So far, so good. I think I’m tracking with Bonhoeffer, although I’m not sure whether or not this critique of a “principle of scripture” has anything to do with the critique in his 1925 seminar paper.
But, I’ve only quoted the first half of the paragraph in question from Discipleship!
But it should be clear to a Gospel-oriented hermeneutic that we cannot simply identify ourselves directly with those called by Jesus. Instead, those who are called in scripture themselves belong to the word of God and thus to the proclamation of the word. In preaching we hear not only Jesus’ answer to a disciple’s question, which could also be our own question. Rather, question and answer together must be proclaimed as the word of scripture. Simple obedience would be misunderstood hermeneutically if we were to act and follow as if we were contemporaries of the biblical disciples. But the Christ proclaimed to us in scripture is, through every word he says, the one whose gift of faith is granted only to the obedient, faith to the obedient alone. We cannot and may not go behind the word of scripture to the actual events. Instead, we are called to follow Christ by the entire word of scripture, simply because we do not intend to wish to violate scripture by legalistically applying a principle to it, even that of a doctrine of faith.Dietrich Bonhoeffer, Discipleship, ed. Martin Kuske et al., trans. Barbara Green and Reinhard Krauss, vol. 4, Dietrich Bonhoeffer Works (Minneapolis, MN: Fortress Press, 2003), 82.
Here’s editorial footnote 20:
 Tholuck preceded his interpretation of the so-called antitheses, Matt. 5:21–48, with “two hermeneutic canons” (i.e., rules of interpretation), “through neglect of which misunderstandings of a radical and practical nature have been occasioned. 1. In this section, as indeed everywhere, not the literal, but the spiritual, interpretation is the true one” (Commentary, 163). “2. Our Lord’s mode of address is that of the popular orator; … hence, we have no right to take the letter of what He says in a strict literal sense, and to press it unduly” (165). Both places are marked in Bonhoeffer’s copy. Bonhoeffer was thinking of such rules for “dealing with” the Sermon on the Mount (cf. below, page 181) when he wrote on October 24, 1936: “I hope to finish my book [Discipleship], and would really like to start writing a hermeneutics volume. It seems to me there is a huge deficit there” (DBW 14:257 [GS 1:47]).Dietrich Bonhoeffer, Discipleship, ed. Martin Kuske et al., trans. Barbara Green and Reinhard Krauss, vol. 4, Dietrich Bonhoeffer Works (Minneapolis, MN: Fortress Press, 2003), 82n20.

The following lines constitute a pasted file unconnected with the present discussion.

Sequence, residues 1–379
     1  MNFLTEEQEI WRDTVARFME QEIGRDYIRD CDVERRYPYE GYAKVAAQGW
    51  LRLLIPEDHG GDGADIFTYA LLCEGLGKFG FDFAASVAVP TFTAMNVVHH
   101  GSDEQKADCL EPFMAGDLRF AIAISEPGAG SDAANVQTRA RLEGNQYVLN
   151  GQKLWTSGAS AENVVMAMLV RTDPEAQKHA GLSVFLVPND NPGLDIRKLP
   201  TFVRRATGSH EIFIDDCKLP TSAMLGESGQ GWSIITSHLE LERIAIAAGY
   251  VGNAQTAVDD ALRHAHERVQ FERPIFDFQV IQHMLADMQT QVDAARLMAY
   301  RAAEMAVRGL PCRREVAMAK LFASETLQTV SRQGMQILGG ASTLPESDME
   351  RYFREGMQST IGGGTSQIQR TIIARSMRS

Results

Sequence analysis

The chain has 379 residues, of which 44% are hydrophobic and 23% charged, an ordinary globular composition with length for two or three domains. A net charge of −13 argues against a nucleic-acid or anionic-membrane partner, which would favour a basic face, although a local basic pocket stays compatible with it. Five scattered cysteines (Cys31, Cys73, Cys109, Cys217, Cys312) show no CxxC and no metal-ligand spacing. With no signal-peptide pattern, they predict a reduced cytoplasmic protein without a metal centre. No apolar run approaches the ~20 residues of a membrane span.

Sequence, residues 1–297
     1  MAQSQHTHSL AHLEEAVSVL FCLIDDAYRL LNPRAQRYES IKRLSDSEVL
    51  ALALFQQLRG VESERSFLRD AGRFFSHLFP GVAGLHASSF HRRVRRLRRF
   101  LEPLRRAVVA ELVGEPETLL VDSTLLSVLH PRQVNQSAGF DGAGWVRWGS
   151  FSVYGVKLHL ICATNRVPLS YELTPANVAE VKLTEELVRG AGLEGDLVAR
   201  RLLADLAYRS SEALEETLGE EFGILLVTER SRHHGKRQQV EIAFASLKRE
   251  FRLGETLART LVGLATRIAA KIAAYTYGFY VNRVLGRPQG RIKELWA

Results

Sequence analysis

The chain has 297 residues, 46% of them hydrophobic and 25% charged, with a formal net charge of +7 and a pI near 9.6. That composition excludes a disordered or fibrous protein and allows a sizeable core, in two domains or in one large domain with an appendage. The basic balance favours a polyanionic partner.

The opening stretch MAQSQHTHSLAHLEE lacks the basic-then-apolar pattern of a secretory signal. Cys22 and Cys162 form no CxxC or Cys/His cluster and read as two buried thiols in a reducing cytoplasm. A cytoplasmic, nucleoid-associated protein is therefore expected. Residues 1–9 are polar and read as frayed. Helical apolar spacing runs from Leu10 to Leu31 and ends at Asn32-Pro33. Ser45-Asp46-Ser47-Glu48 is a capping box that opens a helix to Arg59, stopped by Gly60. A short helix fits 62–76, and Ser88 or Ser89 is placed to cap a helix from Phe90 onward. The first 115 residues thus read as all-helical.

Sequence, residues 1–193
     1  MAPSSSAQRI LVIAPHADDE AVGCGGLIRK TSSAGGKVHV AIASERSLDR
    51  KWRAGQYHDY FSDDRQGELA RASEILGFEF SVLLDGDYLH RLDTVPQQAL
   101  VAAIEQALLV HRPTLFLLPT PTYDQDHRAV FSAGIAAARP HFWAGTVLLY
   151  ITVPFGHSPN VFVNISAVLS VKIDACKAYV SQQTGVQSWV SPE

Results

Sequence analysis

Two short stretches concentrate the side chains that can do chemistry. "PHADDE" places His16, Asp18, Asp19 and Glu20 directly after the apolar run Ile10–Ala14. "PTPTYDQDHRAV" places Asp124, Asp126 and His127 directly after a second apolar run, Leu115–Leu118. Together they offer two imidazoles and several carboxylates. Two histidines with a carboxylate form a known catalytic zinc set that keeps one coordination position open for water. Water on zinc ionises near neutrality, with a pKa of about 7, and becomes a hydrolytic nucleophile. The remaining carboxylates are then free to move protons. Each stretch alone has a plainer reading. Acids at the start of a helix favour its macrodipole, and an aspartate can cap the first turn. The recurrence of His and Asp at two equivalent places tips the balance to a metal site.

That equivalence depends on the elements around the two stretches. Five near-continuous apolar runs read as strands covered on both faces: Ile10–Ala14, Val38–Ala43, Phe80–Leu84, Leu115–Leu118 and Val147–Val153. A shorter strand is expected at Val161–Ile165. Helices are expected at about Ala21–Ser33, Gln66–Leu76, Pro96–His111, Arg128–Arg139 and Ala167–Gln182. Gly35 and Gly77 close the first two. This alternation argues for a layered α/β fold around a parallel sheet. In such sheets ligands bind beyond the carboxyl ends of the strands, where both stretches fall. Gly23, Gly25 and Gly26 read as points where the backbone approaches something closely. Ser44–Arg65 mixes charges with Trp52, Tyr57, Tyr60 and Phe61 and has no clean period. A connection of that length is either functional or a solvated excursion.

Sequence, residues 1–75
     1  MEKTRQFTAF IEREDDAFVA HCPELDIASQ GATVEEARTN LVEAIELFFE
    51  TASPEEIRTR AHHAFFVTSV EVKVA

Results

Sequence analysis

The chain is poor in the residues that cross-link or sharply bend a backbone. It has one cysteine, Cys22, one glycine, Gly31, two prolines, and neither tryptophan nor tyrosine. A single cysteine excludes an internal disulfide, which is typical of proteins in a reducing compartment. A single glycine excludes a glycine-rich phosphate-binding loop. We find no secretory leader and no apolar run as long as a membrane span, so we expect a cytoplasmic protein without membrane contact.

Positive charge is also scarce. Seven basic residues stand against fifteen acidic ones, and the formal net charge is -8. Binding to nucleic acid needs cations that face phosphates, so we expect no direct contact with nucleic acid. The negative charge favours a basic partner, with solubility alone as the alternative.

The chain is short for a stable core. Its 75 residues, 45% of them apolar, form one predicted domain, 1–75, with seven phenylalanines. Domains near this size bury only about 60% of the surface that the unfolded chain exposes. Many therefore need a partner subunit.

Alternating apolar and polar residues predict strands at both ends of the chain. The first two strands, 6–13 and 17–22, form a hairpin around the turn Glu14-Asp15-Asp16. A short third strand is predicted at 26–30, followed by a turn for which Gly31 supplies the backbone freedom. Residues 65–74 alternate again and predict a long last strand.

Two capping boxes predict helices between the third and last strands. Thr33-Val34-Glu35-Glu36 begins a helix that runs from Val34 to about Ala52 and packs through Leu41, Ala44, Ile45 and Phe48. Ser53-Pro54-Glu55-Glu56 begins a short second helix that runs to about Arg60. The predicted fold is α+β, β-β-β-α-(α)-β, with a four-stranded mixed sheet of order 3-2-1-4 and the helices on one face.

Taken out of context, I *think* I understand Bonhoeffer’s caution against placing ourselves too directly into the situation of Jesus’s original disciples. And this caution strikes me as significant, given Bonhoeffer’s penchant for moving rather immediately, let’s say, from the text to the present application of the text.
However, I *don’t* understand the connection between this caution and the warning against making a general doctrine of grace into a principle of scripture that’s foreign to the gospel. What does letting both the disciples’ questions and Jesus’s answers stand as the Word of God have to do with not making grace into a principle that we can then use to avoid simple obedience to Jesus’ commands?